In the modern era, services involving sensitive information, such as shopping and banking, are commonly conducted over the internet. However, many of us are not careful enough with accessing our banking accounts or inputting credit card and social security information while utilizing these services. Here’s a couple of steps you can take to ensure that you are protecting yourself, your accounts and sensitive information from falling into unscrupulous hands:
1.) Never shop or bank using a device that does not belong to you
You are in control of your own system’ and information security settings. However, if you use a friends phone, a work machine, an internet cafe, or some other device which you do not own and control access, there will be no guarantees that your information will remain secure. You have no idea what spyware or viruses might be on a friend’s phone or an internet cafe’s systems. Never ever use a machine that does not belong to you when handling sensitive information.
2.) Maintain and update your anti-virus regularly
Now that you are using your own machine, it is up to you to ensure it is secure. Always have antivirus installed. Make sure that it is updated regularly. New viral codes are written all the time, so if you do not update your antivirus regularly, it will not know to look for the newest and latest threats, at which point it is not doing you any good. Before storing and using sensitive information on your machine, ensure it’s protected.
3.) Maintain good strong passwords
I talked about this in a previous post.
4.) Use incognito browsing when accessing important and sensitive information
Incognito browsing is a privacy setting that prevents internet history and cookies from being stored. While not completely anonymizing, (your IP address will still be recognized and monitoring services on your computer such as keylogger and parental control will still be able to keep track of what you do), this cuts off a vital source of data for malware and viruses to access.
5.) Avoid social engineering
No matter how secure your systems and machines are, there is always a human element that can ruin everything for your security regimen. You can be a hackers best friend if you aren’t careful. I know I’ve mentioned this before, but be vigilante! Be suspect of links in emails that you are not 100% sure about, even if they are from a known email contact or friend and especially if they contain some sort of downloadable content like a picture, video, app or document. Be cautious of messages or sites that insist you verify your information, hackers sometimes will try to mimic a legitimate organization or site. Carefully check the link’s and url’s to be sure that they don’t go to an unrelated site or country-level domain. Never ever think you are a winner if an email says you are. Be careful of which friend requests you approve or profiles you allow to see your information on social media. Hackers will use many sneaky methods to glean information off of you. Do not be baited by their attempts.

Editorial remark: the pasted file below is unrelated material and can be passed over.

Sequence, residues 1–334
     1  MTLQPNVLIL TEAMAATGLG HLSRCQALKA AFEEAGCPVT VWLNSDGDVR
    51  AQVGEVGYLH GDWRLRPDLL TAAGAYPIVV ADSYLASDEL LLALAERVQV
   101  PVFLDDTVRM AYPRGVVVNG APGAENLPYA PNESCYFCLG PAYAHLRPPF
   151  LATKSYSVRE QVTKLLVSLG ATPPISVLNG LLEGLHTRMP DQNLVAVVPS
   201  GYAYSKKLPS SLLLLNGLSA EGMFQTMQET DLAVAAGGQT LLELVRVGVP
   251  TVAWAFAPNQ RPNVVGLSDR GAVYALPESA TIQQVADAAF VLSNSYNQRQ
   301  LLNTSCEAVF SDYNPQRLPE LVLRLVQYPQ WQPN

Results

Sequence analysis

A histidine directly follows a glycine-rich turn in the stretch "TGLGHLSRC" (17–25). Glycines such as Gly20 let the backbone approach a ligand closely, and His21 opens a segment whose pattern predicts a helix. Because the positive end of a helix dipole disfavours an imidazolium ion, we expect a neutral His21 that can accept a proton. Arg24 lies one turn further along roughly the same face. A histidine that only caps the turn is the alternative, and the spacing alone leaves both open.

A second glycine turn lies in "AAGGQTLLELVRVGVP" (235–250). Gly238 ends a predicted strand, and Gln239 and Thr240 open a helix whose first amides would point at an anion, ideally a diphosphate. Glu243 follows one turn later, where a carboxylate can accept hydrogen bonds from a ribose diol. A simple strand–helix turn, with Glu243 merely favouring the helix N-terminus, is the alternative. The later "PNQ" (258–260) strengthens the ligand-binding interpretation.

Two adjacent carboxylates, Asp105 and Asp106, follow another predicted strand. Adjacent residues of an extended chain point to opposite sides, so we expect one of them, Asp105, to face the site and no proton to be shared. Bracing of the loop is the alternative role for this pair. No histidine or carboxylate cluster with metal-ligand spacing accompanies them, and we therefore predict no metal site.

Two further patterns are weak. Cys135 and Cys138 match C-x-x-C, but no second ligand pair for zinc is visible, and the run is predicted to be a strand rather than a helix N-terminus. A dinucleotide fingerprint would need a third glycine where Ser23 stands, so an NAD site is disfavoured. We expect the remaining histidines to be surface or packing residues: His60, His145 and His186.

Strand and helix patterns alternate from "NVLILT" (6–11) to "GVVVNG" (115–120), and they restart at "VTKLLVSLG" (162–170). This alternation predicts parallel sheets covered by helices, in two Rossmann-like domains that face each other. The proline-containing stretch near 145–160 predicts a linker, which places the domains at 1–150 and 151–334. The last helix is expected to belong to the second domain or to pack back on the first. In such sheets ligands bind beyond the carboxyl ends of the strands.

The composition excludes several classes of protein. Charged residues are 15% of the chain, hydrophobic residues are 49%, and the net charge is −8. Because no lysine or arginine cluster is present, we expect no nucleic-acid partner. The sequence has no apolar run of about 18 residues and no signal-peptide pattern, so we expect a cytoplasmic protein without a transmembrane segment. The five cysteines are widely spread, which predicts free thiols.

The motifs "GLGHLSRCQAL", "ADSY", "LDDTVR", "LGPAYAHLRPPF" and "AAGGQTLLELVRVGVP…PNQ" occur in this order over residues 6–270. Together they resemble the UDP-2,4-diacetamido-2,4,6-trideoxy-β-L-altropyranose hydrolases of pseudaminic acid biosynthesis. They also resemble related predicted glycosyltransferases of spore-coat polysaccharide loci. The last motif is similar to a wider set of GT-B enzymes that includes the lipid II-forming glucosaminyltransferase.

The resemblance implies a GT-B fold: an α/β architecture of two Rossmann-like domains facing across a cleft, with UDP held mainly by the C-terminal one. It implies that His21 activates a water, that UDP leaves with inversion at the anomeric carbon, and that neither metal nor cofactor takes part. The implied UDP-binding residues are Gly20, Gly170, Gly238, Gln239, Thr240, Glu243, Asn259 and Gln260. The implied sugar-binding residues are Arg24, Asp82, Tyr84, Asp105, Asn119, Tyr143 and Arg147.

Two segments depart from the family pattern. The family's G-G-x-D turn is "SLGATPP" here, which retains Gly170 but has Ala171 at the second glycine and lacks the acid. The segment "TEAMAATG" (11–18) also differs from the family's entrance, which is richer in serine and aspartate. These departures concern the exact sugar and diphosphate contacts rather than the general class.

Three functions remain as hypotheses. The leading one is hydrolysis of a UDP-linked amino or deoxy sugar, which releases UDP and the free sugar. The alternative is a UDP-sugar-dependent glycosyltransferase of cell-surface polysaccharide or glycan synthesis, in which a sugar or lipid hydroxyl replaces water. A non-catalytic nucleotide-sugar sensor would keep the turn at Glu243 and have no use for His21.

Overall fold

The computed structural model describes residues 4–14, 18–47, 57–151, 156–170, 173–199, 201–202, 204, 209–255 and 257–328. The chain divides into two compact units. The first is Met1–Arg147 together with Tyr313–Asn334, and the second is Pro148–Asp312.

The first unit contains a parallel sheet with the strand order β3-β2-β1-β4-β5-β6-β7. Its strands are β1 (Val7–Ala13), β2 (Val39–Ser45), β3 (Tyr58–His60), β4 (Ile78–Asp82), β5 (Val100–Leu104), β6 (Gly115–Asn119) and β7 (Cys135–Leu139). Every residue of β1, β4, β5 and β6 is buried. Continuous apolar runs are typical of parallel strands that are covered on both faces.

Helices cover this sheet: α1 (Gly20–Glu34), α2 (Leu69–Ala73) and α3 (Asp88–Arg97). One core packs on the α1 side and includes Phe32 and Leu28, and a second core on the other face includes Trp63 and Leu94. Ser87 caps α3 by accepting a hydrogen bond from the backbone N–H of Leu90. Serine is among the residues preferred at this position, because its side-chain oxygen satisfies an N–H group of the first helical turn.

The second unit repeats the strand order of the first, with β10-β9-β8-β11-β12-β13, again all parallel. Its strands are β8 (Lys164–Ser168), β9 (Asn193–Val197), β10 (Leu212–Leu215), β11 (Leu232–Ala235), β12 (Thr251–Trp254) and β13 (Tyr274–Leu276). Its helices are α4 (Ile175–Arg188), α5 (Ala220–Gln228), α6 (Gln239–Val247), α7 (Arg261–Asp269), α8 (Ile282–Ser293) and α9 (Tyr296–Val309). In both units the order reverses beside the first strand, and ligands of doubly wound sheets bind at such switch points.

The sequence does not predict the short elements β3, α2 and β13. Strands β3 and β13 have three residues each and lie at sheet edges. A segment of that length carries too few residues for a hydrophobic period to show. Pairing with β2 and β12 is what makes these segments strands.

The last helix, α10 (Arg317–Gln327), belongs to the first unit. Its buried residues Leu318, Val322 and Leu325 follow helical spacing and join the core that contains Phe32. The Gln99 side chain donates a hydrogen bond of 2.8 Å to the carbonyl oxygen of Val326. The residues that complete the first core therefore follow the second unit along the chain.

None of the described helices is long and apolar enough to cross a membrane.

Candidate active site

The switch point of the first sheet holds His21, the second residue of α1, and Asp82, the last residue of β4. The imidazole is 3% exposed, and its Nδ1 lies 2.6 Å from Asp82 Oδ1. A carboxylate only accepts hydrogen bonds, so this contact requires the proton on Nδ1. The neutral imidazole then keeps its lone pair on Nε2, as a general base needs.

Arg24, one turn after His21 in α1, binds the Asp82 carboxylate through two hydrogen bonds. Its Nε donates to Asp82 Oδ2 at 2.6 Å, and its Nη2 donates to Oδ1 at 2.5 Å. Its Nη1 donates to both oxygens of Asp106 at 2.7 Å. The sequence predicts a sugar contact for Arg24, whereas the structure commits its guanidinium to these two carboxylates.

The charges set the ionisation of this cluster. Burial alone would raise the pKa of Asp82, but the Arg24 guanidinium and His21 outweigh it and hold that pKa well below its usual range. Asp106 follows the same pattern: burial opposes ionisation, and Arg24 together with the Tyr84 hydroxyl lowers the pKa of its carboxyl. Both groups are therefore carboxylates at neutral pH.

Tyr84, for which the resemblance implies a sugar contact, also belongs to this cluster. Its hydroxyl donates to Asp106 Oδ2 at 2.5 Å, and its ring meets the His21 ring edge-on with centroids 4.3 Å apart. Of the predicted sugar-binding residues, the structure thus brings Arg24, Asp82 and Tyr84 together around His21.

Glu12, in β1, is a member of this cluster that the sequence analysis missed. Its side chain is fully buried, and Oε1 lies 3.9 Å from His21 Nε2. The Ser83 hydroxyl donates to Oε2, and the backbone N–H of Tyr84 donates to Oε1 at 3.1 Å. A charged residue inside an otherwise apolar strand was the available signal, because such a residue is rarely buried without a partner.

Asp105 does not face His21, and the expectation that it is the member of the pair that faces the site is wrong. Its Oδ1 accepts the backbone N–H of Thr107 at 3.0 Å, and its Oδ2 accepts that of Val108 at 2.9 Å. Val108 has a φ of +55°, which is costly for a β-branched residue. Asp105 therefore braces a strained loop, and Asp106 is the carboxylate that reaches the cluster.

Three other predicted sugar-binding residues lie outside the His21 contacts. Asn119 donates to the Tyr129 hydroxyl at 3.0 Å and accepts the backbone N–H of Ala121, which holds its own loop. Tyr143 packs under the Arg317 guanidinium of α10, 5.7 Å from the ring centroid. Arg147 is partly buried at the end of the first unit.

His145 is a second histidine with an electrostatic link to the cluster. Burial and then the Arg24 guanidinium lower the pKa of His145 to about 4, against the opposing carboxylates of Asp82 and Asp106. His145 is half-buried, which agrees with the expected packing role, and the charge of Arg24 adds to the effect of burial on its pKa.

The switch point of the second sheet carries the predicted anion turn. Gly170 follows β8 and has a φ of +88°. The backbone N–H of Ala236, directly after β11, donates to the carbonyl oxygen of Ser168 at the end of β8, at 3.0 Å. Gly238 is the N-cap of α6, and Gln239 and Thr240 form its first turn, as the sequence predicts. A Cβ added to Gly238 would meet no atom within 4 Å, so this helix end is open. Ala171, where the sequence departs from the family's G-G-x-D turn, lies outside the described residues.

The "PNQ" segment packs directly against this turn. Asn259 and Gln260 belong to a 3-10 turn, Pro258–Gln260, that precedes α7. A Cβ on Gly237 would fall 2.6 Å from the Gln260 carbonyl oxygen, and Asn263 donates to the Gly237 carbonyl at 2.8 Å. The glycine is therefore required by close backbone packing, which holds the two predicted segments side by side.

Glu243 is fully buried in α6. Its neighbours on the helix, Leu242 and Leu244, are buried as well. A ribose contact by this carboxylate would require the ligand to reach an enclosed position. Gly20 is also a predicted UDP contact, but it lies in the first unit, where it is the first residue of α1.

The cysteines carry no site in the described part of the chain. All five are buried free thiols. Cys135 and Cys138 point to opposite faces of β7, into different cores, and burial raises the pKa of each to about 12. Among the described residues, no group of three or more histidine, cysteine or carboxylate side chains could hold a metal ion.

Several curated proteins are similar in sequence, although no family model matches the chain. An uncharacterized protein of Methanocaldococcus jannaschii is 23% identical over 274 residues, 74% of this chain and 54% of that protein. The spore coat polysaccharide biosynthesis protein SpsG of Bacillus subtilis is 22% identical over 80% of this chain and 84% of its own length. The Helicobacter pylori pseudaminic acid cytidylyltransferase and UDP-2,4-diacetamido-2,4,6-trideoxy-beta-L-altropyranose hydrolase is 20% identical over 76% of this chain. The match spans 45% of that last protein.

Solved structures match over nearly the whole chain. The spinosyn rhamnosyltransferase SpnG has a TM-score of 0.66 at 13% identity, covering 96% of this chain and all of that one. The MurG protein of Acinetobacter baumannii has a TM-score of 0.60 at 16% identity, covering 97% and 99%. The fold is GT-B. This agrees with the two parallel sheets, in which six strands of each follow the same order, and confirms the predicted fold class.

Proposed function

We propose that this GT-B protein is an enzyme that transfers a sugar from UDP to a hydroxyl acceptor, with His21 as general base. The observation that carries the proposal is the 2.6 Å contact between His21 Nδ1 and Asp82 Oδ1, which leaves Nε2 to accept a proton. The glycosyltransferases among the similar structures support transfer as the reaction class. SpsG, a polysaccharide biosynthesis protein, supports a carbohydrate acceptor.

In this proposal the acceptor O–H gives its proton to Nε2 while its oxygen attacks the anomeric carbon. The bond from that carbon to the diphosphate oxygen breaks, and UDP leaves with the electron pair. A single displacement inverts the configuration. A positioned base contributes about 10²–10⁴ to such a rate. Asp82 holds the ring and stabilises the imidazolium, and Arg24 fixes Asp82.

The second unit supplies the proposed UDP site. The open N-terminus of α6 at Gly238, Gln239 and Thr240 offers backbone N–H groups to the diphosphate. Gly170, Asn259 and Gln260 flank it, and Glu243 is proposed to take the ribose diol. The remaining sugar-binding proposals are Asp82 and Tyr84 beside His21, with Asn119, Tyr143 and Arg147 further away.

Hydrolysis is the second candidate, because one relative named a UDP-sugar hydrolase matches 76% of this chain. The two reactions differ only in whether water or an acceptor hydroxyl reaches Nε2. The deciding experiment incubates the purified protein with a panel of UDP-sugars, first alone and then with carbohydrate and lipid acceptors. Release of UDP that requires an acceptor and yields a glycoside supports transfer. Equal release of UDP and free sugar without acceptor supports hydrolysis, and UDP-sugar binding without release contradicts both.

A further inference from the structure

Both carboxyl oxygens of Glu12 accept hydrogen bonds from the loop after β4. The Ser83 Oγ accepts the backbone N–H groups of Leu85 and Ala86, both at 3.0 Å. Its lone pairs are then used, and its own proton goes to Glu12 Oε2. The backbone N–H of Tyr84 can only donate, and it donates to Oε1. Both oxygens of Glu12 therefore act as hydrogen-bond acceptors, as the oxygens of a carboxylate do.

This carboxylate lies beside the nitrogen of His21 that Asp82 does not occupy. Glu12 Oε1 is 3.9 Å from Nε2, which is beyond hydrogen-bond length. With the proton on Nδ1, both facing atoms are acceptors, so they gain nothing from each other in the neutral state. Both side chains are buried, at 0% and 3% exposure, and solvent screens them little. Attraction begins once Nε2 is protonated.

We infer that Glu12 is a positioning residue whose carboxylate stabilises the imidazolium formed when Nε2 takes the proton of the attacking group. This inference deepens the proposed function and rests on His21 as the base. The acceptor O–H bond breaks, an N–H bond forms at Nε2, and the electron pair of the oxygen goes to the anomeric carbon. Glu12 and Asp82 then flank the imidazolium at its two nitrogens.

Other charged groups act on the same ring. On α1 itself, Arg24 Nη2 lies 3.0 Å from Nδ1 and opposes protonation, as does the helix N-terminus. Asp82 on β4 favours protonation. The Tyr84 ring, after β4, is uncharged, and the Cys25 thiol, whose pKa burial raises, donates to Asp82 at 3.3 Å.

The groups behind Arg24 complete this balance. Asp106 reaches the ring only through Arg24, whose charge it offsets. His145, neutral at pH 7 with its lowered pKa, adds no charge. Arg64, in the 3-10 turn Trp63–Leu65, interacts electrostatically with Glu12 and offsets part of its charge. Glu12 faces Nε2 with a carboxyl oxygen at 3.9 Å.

6.) Never leave your devices unattended
There is nothing more gut wrenching than realizing that you left your phone or laptop somewhere unattended. Someone could just stroll right up and either steal your machine or quickly steal information off of it. Always be conscientious of where your devices are. If you have to get up and leave them for a moment, and you are not worried about them being taken, at the very least lock your devices so nobody else can access them.
7.) Be careful of what you plug into your machine
Infected thumb drives, smart phones, or external drives are a great backdoor way for viruses and malware to spread. Know where your external devices came from and ensure that the device you are plugging into your machine is clean.
8.) Regularly backup your devices, machines and systems
In the event that you were infected and hacked, the best way to undo the damage is to revert your machine to a state it was in before it was infected. By regularly backing up your devices, you will be able to prevent physical damage to your systems from being too catastrophic. While you will still need to worry about the data that was stolen, this takes one huge component of a hack off of your conscience. Schedule your devices to regularly backup at frequent and predictable intervals. For example, I have my phone and computers set to back up every 12 hours. This way, if I need to restore my device(s) from a previous backup, I’ll only lose at most 12 hours worth of work and data, which is not terrible in the grand scheme of things.
9.) Regularly monitor your accounts
Hackers, obviously, will want to conceal from you the fact that your devices have been infiltrated and your sensitive information has been compromised. Monitor your bank statements, media accounts, and credit card data to ensure that there is no suspicious activity. Often times, you won’t know you’ve been hacked, and thus keeping tabs of your accounts will provide the earliest warning that something has gone amiss.
10.) Be realistic! You can be a target no matter what you think
One of the biggest advantages the bad guys possess is the mental misconception amongst the internet using public that being the victim of a hack only happens to other people, not oneself. Now say this out loud with me: ANYBODY CAN BE THE TARGET AND VICTIM OF A HACK! Do not kid yourself. If you think the hackers won’t want to go after you, you are doing yourself a disservice and letting your guard down. The best way to approach your system and internet security is to assume that there are bad actors out there targeting you, and protect yourself accordingly.